Skip to Content

SomerVision: What makes a city hip?

More than 70 guests packed BSA Space on January 16 for the BSA Urban Design Committee’s kick-off lecture for 2014. The draw? SomerVision, Somerville’s 20-year plan for evolution into a model for urban planning, smart growth, open space, public transit, sustainability, diversity, artistry, and community.

Buoyed by Somerville’s 2009 All-America City Award from the National Civic League and “Best-Run City in Massachusetts” accolade from The Boston Globe, Mayor Joseph Curtatone pitched his pipe dream as the full realization of those recognitions for his 4.1-square-mile, 78,000-strong city.

“It’s where cultures intersect and collide with one another, where you can enable collaborative creativity,” he said. 

The 11-year mayor’s Office of Strategic Planning & Community Development (OSPCD) developed SomerVision from a three-year discussion process involving residents, businesses, nonprofits, and officials. “The community spoke loudly: This is who we are, no matter what we build,” said Curtatone. “And these values will guide our planning.”

A key plan is Assembly Square’s transformation into a vibrant live/work/shop village, served by an Orange Line MBTA station and a Mystic River–front park. Anchoring this ongoing development is Elkus Manfredi Architects’ Assembly Row of residential units, retail outlets, restaurants, offices, hotel rooms, and Partners HealthCare facilities.

"It's where cultures intersect and collide with one another, where you can enable collaborative creativity."

“Assembly Square will recapture the waterfront we never thought we had,” said Curtatone. “It’ll have a 24-hour sense of place.”

Assembly is one of six squares Curtatone would like to see flourish. He sees that promise already in Union Square, a mecca for international restaurants, ethnic markets, artists’ enclaves, and green-tech start-ups. To manifest Union’s potential as a vibrant urban core, he seeks public-private partnerships for build-outs on abutting brownfields and parking lots, where farmers markets, flower stands, and food trucks have planted seeds of future growth for decades. 

For Gilman Square, Curtatone proposed earmarking vacant and automotive lots for residential/retail construction and reworking the street grid for more open space. A successful model for this is Edward Leathers Memorial Park, created on the Kemp Nut Factory site from extensive community input. It won a 2012 Boston Society of Landscape Architects Merit Award. 

The OSPCD’s Somerville by Design (SBD) task force envisions Gilman with a tree-framed monument park as a symbol of civic pride and a magnet for social interaction. SBD proposed similar schemes for Magoun Square and Ball Square. These are conjunctive with the Green Line extension designed to interlink the squares and infill them with transit-oriented communities along the lines of ICON architecture’s Maxwell’s Green.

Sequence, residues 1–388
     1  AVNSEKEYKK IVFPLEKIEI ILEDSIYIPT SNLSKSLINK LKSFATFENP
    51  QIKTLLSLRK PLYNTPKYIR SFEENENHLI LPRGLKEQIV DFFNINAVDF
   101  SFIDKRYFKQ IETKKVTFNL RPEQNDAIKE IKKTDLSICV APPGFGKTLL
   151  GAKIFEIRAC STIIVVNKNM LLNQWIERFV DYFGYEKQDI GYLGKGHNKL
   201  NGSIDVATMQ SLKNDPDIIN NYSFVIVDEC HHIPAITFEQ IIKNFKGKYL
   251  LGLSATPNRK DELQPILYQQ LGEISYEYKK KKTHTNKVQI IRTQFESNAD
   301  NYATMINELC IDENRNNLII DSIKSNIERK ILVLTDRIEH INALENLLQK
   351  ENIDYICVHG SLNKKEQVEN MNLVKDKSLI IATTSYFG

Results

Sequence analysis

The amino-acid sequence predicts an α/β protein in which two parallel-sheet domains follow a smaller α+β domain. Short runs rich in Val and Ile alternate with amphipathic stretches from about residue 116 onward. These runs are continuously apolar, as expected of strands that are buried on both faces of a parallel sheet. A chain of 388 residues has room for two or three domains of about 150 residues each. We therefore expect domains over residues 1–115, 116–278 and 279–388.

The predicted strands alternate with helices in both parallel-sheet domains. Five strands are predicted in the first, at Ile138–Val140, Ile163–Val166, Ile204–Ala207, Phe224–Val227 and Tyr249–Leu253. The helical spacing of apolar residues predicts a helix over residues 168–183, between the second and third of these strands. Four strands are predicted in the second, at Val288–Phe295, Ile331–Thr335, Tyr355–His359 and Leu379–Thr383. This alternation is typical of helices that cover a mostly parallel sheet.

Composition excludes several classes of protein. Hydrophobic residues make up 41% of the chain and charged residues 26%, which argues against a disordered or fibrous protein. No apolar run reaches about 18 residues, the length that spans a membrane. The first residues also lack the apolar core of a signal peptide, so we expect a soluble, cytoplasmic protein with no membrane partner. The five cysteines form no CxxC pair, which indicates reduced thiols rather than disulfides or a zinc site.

Bike paths were other green threads of urban linkage Curtatone stressed to downplay the divisive effect of auto-traffic barriers such as McGrath/O’Brien Highway and the I-93 viaduct. He exemplified Beacon Street’s bike lane along the Cambridge-Somerville border as the people-oriented interurban unifier a bike route can be. 

The LivableStreets Alliance proposes a bike/pedestrian bridge from the Inner Belt/Brickbottom district to the town-line NorthPoint to replace McGrath’s McCarthy Overpass. Curtatone hopes this bridge will spawn the expansion of those communities without displacing Brickbottom’s long-standing artists’ association.

The presentation was followed by a lively conversation with the audience. Issues raised included building height and density, particularly the “vertical form” much new construction is taking, threatening Somerville’s low-rise character. 

“As part of our RFP [request for proposal] for Union Square, people immediately react to some of the massing in the renderings of what could happen,” said Curtatone. “We are a city that embraces development done the right way, but we’re very sensitive to certain heights and how that height and density transitions into our neighborhood.”

Also discussed were housing price increases and gentrification resulting from Somerville’s building and transit development, counteracting its history as a haven for immigrants, artists, students, and lower-income families. 

“If people desire to move there, family housing stock is critical,” said Curtatone. SomerVision calls for 20 percent minimum affordability in all new housing to ensure its vision for Somerville as “an exceptional place to live, work, play, and raise a family.”

The BSA Urban Design Committee’s next lecture, on March 6, features professor Kent Larson, director of the Changing Places research group at MIT Media Lab. He will discuss the exciting research his group is conducting at the lab.

The committee thanks outgoing chairs David Gamble AIA and Shauna Gillies-Smith for providing a strong foundation for the lecture series over the past three years. Meera Deean (Utile), Patrick Tedesco AIA (NBBJ), and Paul Lukez FAIA (Paul Lukez Architecture) are the new chairs. 

Images courtesy of the Mayor's Office of Strategic Planning & Community Development of the City of Somerville

Somerville — the little city that could
Boston Globe Opinion
by Renée Loth